The phrase “fake news” continues to be deployed routinely in US politics. In a polarised political atmosphere, both Republicans and Democrats distrust media organisations affiliated with opposing parties. This means that most of what is uttered or written by CNN is “fake news” for Republicans, and much of what appears in Republicans-affiliated media is “fake news” for Democrats.
The phrase is now so prevalent and has multiple meanings to the point that it is impossible to agree on a common definition. Even “fact-checking” organisations or news desks contribute to the troubling phenomenon of “fake news” by selectively fact-checking news and information affiliated with one side of the political aisle, while ignoring the other.
Some traced the “fake news” story to a small Eastern European town called Veles in Macedonia. This particular claim is associated with Craig Silverman, a media editor at Buzzfeed. “We ended up finding a small cluster of news websites all registered in the same town,” Silverman was quoted by the BBC. The objective of these websites seemed mostly financial, “clickbait”, as they are called, to lure unsuspecting users to seemingly unlikely headlines.
Later, the term became very political. It was former US President Donald Trump who publicised the term, making it the major phenomenon seen today. Mike Wendling of the BBC, however, claimed that it was Trump’s staunch rival in the 2016 US presidential elections, Hillary Clinton, who first used the term in a speech in December of the same year.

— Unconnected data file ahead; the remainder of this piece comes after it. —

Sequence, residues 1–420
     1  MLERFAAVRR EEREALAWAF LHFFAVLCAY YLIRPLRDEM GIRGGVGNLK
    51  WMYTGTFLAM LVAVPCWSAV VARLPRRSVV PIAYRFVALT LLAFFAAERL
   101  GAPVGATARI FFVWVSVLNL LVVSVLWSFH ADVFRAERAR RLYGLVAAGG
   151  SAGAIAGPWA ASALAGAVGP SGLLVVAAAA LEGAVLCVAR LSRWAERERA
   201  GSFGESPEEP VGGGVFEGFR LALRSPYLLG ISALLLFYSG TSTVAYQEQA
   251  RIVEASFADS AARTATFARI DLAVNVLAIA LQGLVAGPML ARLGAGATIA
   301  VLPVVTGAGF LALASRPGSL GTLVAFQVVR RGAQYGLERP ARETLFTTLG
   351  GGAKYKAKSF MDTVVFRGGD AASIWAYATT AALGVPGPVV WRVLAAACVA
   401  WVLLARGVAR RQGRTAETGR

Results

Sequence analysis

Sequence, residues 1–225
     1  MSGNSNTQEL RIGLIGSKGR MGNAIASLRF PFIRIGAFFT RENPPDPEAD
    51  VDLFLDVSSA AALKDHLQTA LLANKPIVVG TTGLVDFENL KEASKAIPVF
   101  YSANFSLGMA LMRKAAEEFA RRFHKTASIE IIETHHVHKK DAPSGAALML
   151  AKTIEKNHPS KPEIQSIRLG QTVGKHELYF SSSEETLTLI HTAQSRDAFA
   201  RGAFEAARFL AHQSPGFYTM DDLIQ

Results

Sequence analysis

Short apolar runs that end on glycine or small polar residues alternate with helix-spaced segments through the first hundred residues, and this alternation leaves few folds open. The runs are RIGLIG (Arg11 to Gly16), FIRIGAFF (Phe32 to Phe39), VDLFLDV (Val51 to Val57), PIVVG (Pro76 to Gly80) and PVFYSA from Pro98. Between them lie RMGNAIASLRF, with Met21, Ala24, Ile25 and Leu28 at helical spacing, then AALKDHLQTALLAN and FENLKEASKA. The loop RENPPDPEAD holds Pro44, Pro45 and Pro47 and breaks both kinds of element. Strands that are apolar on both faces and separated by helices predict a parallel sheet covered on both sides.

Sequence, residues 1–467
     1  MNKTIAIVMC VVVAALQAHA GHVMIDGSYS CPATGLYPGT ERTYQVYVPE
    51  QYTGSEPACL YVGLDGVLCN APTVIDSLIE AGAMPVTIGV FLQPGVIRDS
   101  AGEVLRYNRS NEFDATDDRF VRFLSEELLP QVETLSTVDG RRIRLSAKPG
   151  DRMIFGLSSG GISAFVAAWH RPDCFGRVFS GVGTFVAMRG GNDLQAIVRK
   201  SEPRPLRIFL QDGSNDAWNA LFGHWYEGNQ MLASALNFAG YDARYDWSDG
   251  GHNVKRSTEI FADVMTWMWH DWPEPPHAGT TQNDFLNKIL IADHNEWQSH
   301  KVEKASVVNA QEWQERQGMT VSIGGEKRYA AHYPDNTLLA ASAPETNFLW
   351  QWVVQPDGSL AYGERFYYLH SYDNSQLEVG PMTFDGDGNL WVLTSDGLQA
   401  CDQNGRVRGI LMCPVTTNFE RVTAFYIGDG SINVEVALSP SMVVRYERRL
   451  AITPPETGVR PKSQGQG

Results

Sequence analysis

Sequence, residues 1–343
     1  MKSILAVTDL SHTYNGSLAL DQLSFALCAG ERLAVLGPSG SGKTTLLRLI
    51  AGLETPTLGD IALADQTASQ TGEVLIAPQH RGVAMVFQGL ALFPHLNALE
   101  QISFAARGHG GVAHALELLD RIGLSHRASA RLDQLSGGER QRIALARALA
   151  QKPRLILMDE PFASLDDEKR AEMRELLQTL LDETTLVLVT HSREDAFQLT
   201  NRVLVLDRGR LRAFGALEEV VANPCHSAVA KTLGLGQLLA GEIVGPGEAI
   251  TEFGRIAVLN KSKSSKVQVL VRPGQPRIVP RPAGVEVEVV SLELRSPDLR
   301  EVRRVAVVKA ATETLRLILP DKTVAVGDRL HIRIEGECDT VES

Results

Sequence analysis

Photo by Latrach Med Jamil on Unsplash
Actually, “fake news” predates both Clinton and Trump. When I first moved to the US over two decades ago, I recall my total shock at seeing the headlines of print tabloids, always positioned at the centre of major US grocery stores: from unsubstantiated celebrity scandals, to “breaking news” about aliens impregnating human females before returning to their home planet. Even as a newcomer to the country, it was obvious to me that such rubbish was also “fake news”. Sadly, these tabloids were often sold faster than legitimate newspapers, which suggests that the biggest challenge posed by “fake news” is our gullibility and willingness to engage with it.
In the modern definition, “fake news” has grown to also include people with opposing opinions, whether these opinions are based on facts, selective facts or utter fiction. Many of us, as journalists, are caught in this impossible labyrinth. No matter what we do to demonstrate the authenticity of our sources, we continue to be haunted by “fake news” allegations.
The generational struggle for independent media organisations and journalists has been the constant push to create as much space as possible between them and the whims of politics and politicians. Recently, however, such a distance has shrunk significantly to the point that once-respected news organisations in the US have turned into the equivalent of political party pamphlets of old.